habitant householders of any town or borough. The mode of conducting elec tions under this act has been subsequently amended by 7 Wm. IV., and 1 Vict., c. 78; the sale of church patronage facili tated by 1 & 2 Vict., c. 31; and the act otherwise explained and amended by 4 & 5 Vict., c. 48; 5 & 6 Vict., c. 104, and 6 & 7 Vict., c. 89.

(13) But unless such corporation have a license from the king, enabling them to take and hold lands in mortmain, lands given to a corporation devolve to the crown; see Co. Litt., 2; 7 & 8 Wm. III., c. 37, infra, p. 479; see, also, next note.

*This technical rule of the common law has been exploded in the U. S. A seal is no more necessary to render valid the acts or contracts of a corporation than of an individual. Where the individual is bound without seal, the corpora tion is bound.-(2 Kent's Comm., 288-291.)

allowed to make by-laws which may affect the king's prerogative, or the common profit of the people, under penalty of £40, unless they be approved by the chancellor, treasurer, and chief justices, or the judges of Assize in their circuits; and, even though they be so approved, still, if contrary to law, they are void. These five powers are inseparably incident to every corporation, at least to every corporation aggregate; for two of them, though they may be practiced, yet are very unnecessary to a corporation sole; viz., to have a corporate seal to testify his sole assent, and to make statutes for the regulation of his own conduct.


There are also certain privileges and disabilities that attend Incidents peculiar to an aggregate corporation, and are not applicable to such as are aggregate sole; the reason of them ceasing, and of course the law. It must corporaalways appear by attorney; for it can not appear in person, being, as Sir Edwark Coke says,f invisible, and existing only in intendment and consideration of law. It can neither maintain, nor be made defendant to, an action of battery or such like personal injuries; for a corporation can neither beat nor be beaten in its body politic.g* A corporation can not commit treason or felony, or other crime, in its corporate capacity,h though its members may, in their distinct individual capacities.i Neither is it capable of suffering a traitor's or felon's punish- [477] ment, for it is not liable to corporeal penalties, nor to attainder, forfeiture, or corruption of blood. It can not be executor or administrator, or perform any personal duties; for it can not take an oath for the due execution of the office. It can not be seised of lands to the use of another;j for such kind of confidence is foreign to the end of its institution." Neither can it be

e Stat 19 Hen. VII., c. 7; 11 Rep., 54. f 10 Rep., 32.

Bro. Ábr., tit. Corporation, 63. 10 Rep., 32.

i The civil law also ordains that, for

(14) But a devise to a corporation, though void at law, may be good as a trust in equity; see the cases considered by the Lord Chancellor of Ireland in his luminous judgment in the case of the Incorporated Society v. Richards, 1 Dr. & War., 293-333. A corporation may also be a trustee for charitable or any other purposes, for "actual confidence in the person" is not necessary to support

the misbehavior of a body corporate,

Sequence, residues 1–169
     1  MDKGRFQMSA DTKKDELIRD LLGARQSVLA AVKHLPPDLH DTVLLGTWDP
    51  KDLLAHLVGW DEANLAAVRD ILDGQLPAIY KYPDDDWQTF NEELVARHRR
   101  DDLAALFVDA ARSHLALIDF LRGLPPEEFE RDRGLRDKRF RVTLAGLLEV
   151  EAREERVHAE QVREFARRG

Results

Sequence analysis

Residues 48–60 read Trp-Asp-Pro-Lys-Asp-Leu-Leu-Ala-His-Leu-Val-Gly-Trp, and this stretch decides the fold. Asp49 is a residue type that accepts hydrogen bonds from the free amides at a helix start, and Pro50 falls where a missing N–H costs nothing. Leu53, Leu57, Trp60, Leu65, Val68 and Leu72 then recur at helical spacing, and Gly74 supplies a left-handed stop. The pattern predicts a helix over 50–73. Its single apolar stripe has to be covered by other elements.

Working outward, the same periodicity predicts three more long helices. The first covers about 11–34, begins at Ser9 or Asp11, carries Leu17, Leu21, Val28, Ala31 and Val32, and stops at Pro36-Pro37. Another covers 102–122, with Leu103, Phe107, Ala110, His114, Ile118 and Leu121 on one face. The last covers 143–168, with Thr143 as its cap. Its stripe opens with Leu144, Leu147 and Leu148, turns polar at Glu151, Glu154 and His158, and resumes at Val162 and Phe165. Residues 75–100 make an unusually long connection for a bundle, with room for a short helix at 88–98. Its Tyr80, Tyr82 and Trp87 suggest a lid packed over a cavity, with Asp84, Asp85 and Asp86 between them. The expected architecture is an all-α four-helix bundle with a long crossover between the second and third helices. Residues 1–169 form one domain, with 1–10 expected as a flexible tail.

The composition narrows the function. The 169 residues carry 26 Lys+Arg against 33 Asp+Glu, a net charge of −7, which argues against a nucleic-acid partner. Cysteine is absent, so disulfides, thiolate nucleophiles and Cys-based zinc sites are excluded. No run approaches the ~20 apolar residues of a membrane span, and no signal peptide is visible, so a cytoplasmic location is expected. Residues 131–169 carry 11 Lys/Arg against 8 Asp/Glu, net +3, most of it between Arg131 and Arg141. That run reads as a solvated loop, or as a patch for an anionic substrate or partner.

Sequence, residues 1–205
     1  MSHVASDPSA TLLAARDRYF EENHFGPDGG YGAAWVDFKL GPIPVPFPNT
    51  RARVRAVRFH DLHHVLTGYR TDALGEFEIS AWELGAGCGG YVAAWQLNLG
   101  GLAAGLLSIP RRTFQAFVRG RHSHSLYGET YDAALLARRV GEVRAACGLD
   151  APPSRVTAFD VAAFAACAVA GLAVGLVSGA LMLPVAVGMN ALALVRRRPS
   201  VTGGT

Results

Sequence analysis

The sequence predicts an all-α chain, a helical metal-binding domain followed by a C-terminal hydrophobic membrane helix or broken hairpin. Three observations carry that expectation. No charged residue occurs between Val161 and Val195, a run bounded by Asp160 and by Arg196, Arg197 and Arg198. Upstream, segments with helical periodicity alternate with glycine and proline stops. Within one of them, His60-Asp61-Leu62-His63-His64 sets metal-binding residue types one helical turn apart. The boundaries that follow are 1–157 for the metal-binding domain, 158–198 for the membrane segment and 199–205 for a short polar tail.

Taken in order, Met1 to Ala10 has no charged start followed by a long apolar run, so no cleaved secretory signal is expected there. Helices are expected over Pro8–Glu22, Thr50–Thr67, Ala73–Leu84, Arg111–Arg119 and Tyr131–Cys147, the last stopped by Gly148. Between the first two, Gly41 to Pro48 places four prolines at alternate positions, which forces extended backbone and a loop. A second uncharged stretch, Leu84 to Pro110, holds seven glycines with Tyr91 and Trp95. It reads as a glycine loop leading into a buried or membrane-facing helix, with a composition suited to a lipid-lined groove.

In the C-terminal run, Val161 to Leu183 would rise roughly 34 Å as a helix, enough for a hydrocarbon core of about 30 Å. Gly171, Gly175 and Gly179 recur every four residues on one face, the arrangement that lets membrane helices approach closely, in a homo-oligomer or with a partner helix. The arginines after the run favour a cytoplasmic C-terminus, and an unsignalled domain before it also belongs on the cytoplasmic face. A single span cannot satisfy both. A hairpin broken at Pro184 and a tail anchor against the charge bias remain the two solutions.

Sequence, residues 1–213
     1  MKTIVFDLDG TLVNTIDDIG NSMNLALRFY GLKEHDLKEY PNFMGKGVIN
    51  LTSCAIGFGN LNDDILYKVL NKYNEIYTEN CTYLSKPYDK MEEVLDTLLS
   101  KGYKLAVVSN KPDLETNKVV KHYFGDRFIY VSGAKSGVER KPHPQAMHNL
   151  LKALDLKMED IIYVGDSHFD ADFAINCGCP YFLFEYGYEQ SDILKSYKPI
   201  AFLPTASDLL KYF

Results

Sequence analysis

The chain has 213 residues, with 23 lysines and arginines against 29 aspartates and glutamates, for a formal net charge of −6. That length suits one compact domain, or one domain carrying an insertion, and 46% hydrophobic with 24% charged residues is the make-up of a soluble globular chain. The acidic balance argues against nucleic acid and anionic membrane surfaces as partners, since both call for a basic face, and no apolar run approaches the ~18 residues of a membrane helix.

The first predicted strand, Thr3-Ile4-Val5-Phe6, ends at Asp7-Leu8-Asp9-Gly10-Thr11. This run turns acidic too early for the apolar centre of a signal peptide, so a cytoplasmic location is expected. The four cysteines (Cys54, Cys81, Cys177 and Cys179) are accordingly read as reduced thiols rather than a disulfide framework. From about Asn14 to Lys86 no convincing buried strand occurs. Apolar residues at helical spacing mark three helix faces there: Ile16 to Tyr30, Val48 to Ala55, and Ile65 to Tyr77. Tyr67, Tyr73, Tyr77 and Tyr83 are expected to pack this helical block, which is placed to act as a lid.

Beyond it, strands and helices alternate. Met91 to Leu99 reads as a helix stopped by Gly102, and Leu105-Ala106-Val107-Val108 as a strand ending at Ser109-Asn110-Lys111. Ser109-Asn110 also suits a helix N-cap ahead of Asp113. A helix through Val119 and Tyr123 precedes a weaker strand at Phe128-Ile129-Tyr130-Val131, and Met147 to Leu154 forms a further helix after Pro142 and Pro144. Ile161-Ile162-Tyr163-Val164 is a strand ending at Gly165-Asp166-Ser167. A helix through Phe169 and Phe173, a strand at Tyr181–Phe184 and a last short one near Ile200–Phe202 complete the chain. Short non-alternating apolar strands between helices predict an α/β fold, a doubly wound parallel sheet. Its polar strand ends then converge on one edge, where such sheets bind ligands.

the directors only shall be answerable
in their personal capacities.-Ff., 4, 3, 15.
j Bro. Abr., tit. Feoffin. al. Uses, 40;
Bacon on Uses, 347.

the trust; see 55 Geo. III., c. 147; 56
Geo. III., c. 52, and 1 & 2 Geo. IV., c.
92, by which statutes corporations and
other trustees, holding lands in trust for
charitable purposes, are empowered, un-
der the direction of the commissioners
appointed as in such acts directed, to
exchange such lands for others of greater
value or more conveniently situated.t

*This rule, also, may be considered as no longer recognized in the U. S. Corporations acting by their agents or servants are responsible, in like manner as individuals, for all injuries ex delicto occasioned by their agents or servants acting within the scope of their authority.-(2 Kent's Comm., 284; 6 Johns. R., 90; 7 Cowen, 485; 2 Wendell, 452; 6 Mass. R., 364; 7 Id., 787; 17 Id., 503; 4 Serg. & Rawle, 6; 9 Id., 94; 2 Aik., 255; 2 Hill's S. C. R., 573; 4 Hamm., 500; Wright, 603; 5 Miller's Lou. R., 461; 4 Wash. C. C. R., 106; 3 Peters's U. S. R., 398.)

In New York, a devise of real estate to a corporation is invalid, unless the

Other incidents of


committed to prison ;k for its existence being ideal, no man can apprehend or arrest it. And therefore, also, it can not be outlawed; for outlawry always supposes a precedent right of arresting, which has been defeated by the parties absconding, and that, also, a corporation can not do; for which reasons the proceedings to compel a corporation to appear to any suit by attorney are always by distress on their lands and goods.1 Neither can a corporation be excommunicated; for it has no soul, as is gravely observed by Sir Edward Coke ;m and therefore, also, it is not liable to be summoned into the ecclesiastical courts upon any account; for those courts act only pro salute anime, and their sentences can only be enforced by spiritual censures; a consideration which, carried to its full extent, would alone demonstrate the impropriety of these courts interfering in any temporal rights whatsoever.

There are also other incidents and powers, which belong to some corpo- some sort of corporations, and not to others. An aggregate corporation may take goods and chattels for the benefit of themselves and their successors, but a sole corporation can not;n's for such movable property is liable to be lost or embezzled, and would raise a multitude of disputes between the successor and executor, which the law is careful to avoid. In ecclesiastical and eleemosynary foundations, the king or the founder may give them rules, laws, statutes, and ordinances, which they are bound to observe; but corporations merely lay, constituted [478] for civil purposes, are subject to no particular statutes, but to the common law, and to their own by-laws, not contrary to the laws of the realm. Aggregate corporations, also, that have by their constitution a head, as a dean, warden, master, or the like, can not do any acts during the vacancy of the headship,

Plowd., 558.

1 Bro. Abr., tit. Corporation, 11; Outlawry, 72.

m 10 Rep., 32.

n Co. Litt., 46.
• Lord Raym., 8.

(15) Vide infra, vol. ii., p. 430, 433.

corporation be expressly authorized by its charter or by statute to take by devise. (2 R. S., 57, § 3.) Whether the Court of Chancery in this country has jurisdiction over devises, not to, but in trust for a charitable corporation, may be considered as an unsettled question. In the case of the Orphan Asylum Society v. M Cartee, 9 Cowen, 437, it was held in Chancery that a devise of lands to executors, in trust for a charitable corporation for charitable purposes, was a legal and valid trust, to be enforced in equity. The decision was reversed in error, not, however, impugning the principle upon which it was based, but simply on the ground that, in that case, the devise to the corporation was direct, and not in trust. Chancellor Kent, in his Commentaries, discusses the question, and comes to the conclusion that the better opinion, in point of authority, is, that a devise of a charity not directly to a corporation, but in trust for charitable purposes, would be good. This, he says, is on the principle that a court of equity, independent of the statute 43 Eliz., and upon the doctrine of the common law, has jurisdiction over bequests and devises to charitable uses, and will enforce them, provided the object be sufficiently definite, so as to shut out all arbitrary discretion resting upon the doctrine of cy-près. (See 4 Kent's Comm., 508, and note a; 2 Id., 285-287.)